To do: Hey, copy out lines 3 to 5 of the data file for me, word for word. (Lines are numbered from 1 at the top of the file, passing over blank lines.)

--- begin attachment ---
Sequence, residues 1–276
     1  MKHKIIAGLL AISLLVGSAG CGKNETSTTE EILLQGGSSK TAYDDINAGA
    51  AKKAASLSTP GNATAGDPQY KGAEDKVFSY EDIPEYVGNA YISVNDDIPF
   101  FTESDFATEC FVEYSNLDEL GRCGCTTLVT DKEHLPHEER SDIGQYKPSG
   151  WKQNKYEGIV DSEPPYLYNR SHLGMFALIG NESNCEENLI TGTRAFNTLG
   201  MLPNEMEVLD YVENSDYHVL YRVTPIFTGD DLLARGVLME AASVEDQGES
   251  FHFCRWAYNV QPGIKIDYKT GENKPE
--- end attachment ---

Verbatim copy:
    51  AKKAASLSTP GNATAGDPQY KGAEDKVFSY EDIPEYVGNA YISVNDDIPF
   101  FTESDFATEC FVEYSNLDEL GRCGCTTLVT DKEHLPHEER SDIGQYKPSG
   151  WKQNKYEGIV DSEPPYLYNR SHLGMFALIG NESNCEENLI TGTRAFNTLG